Contact lenses

If you want contact lenses then modern lens materials, prescription strengths, and wearing options mean that people of all ages can choose to wear contact lenses. You may want to wear your contact lenses full-time (to replace your spectacles completely), or just occasionally (for more flexibility) so you can choose whether it is a glasses occasion or not.

However you should always make sure that you have an up-to-date wearable pair of glasses, just in case you can not wear your contact lenses.

Children can be fitted with contact lenses as soon as they can understand the importance of hand hygiene and are able to insert and remove lenses themselves. Contact lenses are not available through the NHS (except in very exceptional circumstances), so parents and children need to be aware that there are charges for after-care appointments, the contact lenses and solutions. However these eyecare costs are relative when compared to the costs of designer clothing, trainers and computer games. The age at which a child commences contact lens wear is something that needs to be discussed by the child, the parent and an eye care specialist.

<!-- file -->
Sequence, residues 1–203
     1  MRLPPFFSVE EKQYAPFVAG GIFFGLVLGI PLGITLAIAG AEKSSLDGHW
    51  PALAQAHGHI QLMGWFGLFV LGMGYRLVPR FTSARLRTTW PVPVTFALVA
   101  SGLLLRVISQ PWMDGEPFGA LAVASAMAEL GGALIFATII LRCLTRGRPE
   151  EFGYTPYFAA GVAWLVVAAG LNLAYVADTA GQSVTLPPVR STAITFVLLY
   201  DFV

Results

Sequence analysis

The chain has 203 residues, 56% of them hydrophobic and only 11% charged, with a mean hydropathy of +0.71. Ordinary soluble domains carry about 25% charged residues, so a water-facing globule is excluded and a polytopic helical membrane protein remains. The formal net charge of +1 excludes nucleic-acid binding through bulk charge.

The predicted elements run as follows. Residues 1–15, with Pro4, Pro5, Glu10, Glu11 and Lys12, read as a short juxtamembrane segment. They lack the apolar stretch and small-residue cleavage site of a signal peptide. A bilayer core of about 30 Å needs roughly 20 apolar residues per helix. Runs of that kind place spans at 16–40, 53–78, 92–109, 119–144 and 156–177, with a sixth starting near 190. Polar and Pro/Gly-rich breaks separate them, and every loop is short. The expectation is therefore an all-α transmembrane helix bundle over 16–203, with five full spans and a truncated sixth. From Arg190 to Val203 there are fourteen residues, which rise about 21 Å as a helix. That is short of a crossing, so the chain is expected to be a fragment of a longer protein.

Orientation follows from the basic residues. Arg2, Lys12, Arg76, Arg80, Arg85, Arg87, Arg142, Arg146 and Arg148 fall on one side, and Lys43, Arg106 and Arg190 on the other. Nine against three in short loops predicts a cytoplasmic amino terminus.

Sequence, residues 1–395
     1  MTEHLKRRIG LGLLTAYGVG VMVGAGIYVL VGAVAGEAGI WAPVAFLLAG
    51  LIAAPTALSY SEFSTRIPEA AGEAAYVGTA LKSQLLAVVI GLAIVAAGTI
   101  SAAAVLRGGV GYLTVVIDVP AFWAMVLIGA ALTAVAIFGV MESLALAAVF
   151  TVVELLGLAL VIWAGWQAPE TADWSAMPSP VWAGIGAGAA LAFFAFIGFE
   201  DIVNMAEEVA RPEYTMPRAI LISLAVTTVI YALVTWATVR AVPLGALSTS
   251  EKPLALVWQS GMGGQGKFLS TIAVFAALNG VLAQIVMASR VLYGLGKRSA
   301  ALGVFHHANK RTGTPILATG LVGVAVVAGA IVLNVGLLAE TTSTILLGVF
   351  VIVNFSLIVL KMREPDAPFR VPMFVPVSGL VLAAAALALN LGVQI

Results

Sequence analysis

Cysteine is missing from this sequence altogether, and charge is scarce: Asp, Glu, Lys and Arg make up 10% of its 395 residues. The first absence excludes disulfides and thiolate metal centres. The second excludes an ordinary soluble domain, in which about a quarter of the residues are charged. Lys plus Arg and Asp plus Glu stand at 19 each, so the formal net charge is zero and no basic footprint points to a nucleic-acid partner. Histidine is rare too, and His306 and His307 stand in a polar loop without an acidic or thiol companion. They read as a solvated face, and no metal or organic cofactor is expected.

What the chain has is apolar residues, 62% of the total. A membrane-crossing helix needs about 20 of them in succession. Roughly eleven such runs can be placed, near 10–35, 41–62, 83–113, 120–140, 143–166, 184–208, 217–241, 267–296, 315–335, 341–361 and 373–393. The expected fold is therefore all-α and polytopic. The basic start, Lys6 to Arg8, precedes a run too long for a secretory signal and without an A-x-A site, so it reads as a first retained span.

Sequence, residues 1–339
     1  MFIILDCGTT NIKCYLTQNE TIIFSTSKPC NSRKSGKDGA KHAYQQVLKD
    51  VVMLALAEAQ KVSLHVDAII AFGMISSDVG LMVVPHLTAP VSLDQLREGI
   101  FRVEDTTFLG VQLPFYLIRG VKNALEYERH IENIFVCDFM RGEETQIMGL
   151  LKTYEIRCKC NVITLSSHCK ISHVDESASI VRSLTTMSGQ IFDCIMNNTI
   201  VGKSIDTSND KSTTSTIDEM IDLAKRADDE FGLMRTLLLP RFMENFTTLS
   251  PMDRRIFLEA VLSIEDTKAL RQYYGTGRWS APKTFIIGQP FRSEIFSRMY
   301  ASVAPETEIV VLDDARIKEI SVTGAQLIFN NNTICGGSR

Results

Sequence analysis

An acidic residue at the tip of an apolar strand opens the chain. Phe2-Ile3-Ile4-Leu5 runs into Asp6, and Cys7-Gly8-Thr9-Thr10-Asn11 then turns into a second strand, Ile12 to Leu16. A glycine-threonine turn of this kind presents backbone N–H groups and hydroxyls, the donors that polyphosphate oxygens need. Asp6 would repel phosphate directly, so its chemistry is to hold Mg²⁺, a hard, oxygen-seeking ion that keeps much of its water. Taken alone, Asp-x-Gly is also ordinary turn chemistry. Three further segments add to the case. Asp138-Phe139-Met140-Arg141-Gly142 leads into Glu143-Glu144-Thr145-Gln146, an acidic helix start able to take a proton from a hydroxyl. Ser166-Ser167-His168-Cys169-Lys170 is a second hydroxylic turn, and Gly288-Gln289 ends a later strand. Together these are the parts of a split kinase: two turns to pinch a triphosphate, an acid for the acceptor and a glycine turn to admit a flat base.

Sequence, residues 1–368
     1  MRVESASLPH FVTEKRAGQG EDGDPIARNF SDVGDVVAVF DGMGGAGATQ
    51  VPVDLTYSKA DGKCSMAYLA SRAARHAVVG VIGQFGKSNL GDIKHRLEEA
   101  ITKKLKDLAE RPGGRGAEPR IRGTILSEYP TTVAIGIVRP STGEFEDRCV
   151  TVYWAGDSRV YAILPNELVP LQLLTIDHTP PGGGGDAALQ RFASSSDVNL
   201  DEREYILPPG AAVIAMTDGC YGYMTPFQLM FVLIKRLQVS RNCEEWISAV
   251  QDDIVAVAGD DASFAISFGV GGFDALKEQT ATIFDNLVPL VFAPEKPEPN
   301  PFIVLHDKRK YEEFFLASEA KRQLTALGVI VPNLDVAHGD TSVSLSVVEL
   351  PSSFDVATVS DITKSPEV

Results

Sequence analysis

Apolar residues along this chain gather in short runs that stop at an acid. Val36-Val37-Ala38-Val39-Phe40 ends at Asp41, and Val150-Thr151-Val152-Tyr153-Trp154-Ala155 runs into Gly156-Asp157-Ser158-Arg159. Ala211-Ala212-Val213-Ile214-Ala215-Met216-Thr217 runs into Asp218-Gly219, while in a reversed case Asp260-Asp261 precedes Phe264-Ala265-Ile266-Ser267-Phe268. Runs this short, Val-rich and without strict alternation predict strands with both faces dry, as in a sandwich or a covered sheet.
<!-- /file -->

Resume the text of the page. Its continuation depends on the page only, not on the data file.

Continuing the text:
Between the ages of 15 and 50 there very few eyes that cannot have the option of wearing contact lenses for sport or leisure. With the alternative of spectacles for those occasions when contact lenses are not the first choice for everyday eyes,

The over 40’s  have to start making a few decisions about what matters to them. Up to this point contact lenses will have given comfortable vision at all distances, but over 40 print starts getting smaller and arms get shorter. Ametropes  (people who need corrective eyewear)who are over 40  do have several choices;

  1. Give up contact lens wear and start to wear spectacles with Varifocal lenses (fashionable frames with nearly invisible lenses)
  2. Keep pretending you have normal distance vision (by keeping your current contact lenses) and just top up your near vision by popping on some reading glasses – just like others in your age group  who have never been seen wearing spectacles.
  3. Avoid glasses by having one eye corrected for reading whilst leaving the other corrected for distance (sounds odd but does work for many people).
  4. Or try a multifocal contact lenses (for those for whom it works this is great, but is not for everyone).

Because life is never that simple most contact lens wearers end up with a combination of the above. Only you and your contact lens specialist can decide  what is the best solution for you.

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